HOUSTON, Texas -- When you call in a tip about a Kansas City homicide, it’s received in a call center more than 700 miles away. You’re promised it’s anonymous, but is it?
Murders in the metro are on the rise. As part of FOX4's new Problem Solvers Crime Files series, Megan Dillard has been shining a spotlight on unsolved cases, hoping to generate new tips for law enforcement working to solve them.
Police have said one of the biggest problems is getting people with the right information to share what they know. It’s been called a “no-snitch” culture.
Officers have said most people don’t realize when you call the Crime Stoppers TIPS Hotline, you aren't calling police. You’re calling a nonprofit that doesn’t track your identity at all.
You hear it often: "Call the TIPS Hotline at 816-474-8477." But what really happens when you pick up the phone and dial those numbers? Is the call truly anonymous?
In a small office outside Houston, you`ll find a handful of people with their headsets in place. They`re taking down information about potentially dangerous people.
The operators answer calls for almost 300 anti-crime organizations across the country, including Greater Kansas City Crime Stoppers. It's a nonprofit -- not the police.
“It`s not an arm of law enforcement," Sherman Moore said. "They may have some investigators assigned to the program, but Crime Stoppers is not law enforcement.”
Moore runs the call center, and with years of experience wearing the badge, he knows how to train his team.
“All of our operators are specifically trained in being able to interview tipsters to get the information that they have, that will help our partners to solve whatever crime they`re getting information on," he said.
The call-takers don't want your name. They want what you know.
“All we are is the conduit to interview the tipster, collect information and send it back to the Kansas City Crime Stoppers program,” Moore said.
That program is headed up by Kevin Boehm. He's a KCPD detective, but his role is with Crime Stoppers.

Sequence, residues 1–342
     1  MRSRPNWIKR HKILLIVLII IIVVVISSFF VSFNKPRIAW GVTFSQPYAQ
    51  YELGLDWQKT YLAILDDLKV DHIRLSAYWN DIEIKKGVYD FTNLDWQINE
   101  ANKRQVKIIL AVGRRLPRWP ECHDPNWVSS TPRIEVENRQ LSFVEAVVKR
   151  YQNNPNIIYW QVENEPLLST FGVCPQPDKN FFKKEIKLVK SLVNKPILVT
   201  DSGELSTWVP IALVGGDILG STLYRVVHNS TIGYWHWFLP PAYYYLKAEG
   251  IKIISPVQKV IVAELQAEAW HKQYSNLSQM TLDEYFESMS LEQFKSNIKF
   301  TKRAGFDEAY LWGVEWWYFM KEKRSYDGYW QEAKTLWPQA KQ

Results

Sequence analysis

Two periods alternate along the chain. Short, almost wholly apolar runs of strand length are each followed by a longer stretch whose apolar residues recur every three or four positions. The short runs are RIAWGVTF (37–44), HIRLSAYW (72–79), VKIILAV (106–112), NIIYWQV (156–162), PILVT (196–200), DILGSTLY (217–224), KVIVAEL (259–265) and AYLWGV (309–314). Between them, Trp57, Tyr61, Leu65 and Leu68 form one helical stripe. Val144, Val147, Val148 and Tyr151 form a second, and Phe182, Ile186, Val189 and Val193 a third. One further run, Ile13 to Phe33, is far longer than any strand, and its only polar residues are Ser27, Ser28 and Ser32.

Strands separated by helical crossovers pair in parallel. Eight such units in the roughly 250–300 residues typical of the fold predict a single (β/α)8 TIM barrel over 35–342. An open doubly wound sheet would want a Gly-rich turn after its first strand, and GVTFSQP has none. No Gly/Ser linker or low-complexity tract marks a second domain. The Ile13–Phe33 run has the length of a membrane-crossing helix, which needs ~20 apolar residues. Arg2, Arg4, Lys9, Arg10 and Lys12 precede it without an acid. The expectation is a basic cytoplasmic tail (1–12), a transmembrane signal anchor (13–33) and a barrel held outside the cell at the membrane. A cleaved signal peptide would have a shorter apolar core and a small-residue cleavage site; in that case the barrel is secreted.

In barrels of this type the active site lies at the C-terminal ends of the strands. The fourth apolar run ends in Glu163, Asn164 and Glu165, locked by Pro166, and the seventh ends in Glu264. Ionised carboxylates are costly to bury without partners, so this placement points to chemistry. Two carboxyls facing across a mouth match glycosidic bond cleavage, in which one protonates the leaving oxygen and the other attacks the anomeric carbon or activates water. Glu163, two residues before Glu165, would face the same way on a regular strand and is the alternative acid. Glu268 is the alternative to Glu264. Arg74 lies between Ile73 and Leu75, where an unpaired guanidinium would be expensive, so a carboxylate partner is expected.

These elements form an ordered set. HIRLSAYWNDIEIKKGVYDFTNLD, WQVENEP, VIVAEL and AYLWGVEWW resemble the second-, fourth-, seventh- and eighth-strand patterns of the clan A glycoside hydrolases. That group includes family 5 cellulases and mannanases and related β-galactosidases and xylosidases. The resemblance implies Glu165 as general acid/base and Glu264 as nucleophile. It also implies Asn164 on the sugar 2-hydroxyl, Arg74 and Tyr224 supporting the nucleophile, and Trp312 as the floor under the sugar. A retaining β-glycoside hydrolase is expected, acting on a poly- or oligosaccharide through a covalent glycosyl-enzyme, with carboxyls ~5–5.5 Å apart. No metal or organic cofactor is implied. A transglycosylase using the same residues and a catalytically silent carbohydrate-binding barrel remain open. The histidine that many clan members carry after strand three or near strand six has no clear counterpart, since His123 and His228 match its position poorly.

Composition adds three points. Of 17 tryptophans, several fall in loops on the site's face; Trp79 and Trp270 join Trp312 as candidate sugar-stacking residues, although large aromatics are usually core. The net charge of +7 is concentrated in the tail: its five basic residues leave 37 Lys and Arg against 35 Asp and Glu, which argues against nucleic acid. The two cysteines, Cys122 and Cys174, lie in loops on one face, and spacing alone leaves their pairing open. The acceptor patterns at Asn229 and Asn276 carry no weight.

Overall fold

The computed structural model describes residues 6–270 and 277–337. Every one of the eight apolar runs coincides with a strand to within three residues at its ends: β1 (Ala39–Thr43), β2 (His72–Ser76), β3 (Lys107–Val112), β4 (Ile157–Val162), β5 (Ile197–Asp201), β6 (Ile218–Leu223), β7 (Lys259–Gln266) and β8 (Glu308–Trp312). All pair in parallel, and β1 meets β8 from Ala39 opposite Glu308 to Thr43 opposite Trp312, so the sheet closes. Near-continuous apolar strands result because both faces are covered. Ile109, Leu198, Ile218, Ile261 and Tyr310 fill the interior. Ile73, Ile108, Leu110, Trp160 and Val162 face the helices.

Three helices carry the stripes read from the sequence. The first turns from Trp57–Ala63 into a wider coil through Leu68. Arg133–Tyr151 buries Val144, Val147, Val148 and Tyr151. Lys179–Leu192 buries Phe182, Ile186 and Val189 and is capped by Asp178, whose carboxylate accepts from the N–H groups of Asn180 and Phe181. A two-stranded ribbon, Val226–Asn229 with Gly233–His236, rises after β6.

“My office is at the Crime Commission," Boehm said. "All the information comes through the crime commission computers, not a police computer.”
Here`s how it works: You dial 816-474-TIPS. You`re routed locally during the day or to the Houston call center after hours.
The person who answers doesn't get your name, address, even whether you're a man or woman. In the system, you`re simply listed as “tipster.”
You share what you know. They might ask you some questions about that to clarify. Then, they give you a code.
“They keep that code number and then that serves as their identity,"Boehm said. "They then need to check back with us periodically, and if we get a tip that pays off, law enforcement will let us know. We note that in our system. When those rewards are approved, then that tipster can call us back.”
If your tip leads to an arrest or charges, you`ll get paid.
“We set up an arrangement where we never have any face-to-face contact, and they are paid in cash. Simple as that," Boehm said.
You pick up an envelope full of cash without anyone tracking or recording you. No one is even there at the pickup point. You’re on your way -- with thousands of dollars that belong to you.
The process is the same for tips that come in through the website or the mobile app, which you can download for free through Google or Apple.
“The neat thing about that is with those two pieces of technology, you can actually upload video, photos or documents, which in the past as a phone call, we couldn`t get any of that,” Boehm said.
So, is the anonymous tip hotline working?
“We had a homicide Friday night in Kansas City, Missouri. Saturday a tip was received. Sunday morning we received information that led to an arrest," Boehm said.
The payout in KC now can be up to $10,000.
“Trying to get the cooperation from the general public sometimes is a difficult task," Moore said.
Whether the money motivates or your conscience calls -- you are the only one who will ever know you called in a tip. Your call is truly anonymous.